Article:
Americans need to think more like immigrants. Politicians are too afraid to say it, but Americans should stop whining, get up, take responsibility, lower their standards, bite their lips, tough it out, and get busy. Americans should stop buying SUV’s and McMansions they can’t afford and pay off their debts. I have no sympathy for the sheep who went in debt to buy expensive restaurant meals, clothes, vacations, cars, and overpriced homes when times were good instead of saving for a rainy day. Buy LOW and sell HIGH. If people had put their money in the bank instead of wasting it they would still have it. The United States is capitalist not Communist. There is social Darwinism and survival of the fittest here. If Americans want a handout, they should move to Sweden. I have seen refugees from places like Vietnam immigrate to the US with NOTHING and own houses and cars five years later, while some lazy Americans who haved lived in public housing and on welfare for GENERATIONS complain about how poor they are. Why can a third world immigrant who doesn’t speak English make more money in five years than some Americans who have lived in the US their entire life?
The negative thinking about “tough times” and the supposedly “decline of the US” kills me. The USA is by far the richest and most powerful country in the world. Who invented the assembly line, telephones, movies, light bulbs, airplanes, air conditioning, elevators, skyscapers, television, the atomic bomb, the pill, calculators, microwaves, lasers, the Internet, mobile phones, the space shuttle, and landed on the moon? What country wins the most medals at the Olympics despite having only 5% of the world’s population? If the United States is dying, why do so many people want to immigrate there?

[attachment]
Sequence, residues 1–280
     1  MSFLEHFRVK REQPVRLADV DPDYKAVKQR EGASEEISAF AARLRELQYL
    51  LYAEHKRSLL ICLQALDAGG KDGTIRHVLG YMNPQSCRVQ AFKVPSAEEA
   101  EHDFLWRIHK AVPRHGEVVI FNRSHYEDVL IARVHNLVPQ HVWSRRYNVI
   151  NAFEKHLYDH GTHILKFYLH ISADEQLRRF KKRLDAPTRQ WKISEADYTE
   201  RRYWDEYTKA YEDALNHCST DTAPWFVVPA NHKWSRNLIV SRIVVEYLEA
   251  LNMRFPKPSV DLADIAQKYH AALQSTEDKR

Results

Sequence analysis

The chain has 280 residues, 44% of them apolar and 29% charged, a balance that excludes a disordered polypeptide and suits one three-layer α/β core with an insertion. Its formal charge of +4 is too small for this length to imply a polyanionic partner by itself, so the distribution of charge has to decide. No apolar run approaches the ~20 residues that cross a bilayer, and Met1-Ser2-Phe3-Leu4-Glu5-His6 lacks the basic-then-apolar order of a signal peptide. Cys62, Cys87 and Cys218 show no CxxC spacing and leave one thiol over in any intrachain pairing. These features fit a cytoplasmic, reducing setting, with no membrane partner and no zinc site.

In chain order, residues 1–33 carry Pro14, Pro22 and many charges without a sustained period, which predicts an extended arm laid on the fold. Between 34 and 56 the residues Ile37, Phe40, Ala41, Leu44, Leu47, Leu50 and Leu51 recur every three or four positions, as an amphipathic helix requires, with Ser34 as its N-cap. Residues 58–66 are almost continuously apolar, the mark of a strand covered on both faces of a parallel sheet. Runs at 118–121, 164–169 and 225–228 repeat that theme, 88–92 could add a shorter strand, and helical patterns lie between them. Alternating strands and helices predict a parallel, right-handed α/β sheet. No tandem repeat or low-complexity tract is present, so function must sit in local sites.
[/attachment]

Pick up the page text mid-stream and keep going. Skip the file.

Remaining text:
I think the best years of the United States are ahead of us, not behind us. I would be shocked if the USA won’t be the first country to put a person on Mars, invent mass-produced hydrogen and solar cars, and cure cancer. Americans who worry about the future are ignoring the facts and aren’t doing anyone any favors.
While I am not blind to the difficulties that may exist in the present economy, I just think people should be more optimistic and look at the good sides. I remember when I was in middle school in the mid 1980’s and had a teacher who asked my classmates whether the USA was on the way to the peak of power, at the peak, or on the way down. I was the only student who said the US hasn’t reached the peak yet. A few years later the Soviet Union collapsed, the Japanese economy crashed, and America was the only superpower.
I am not sure if there is a recession, but if there is one, I think it will be over soon.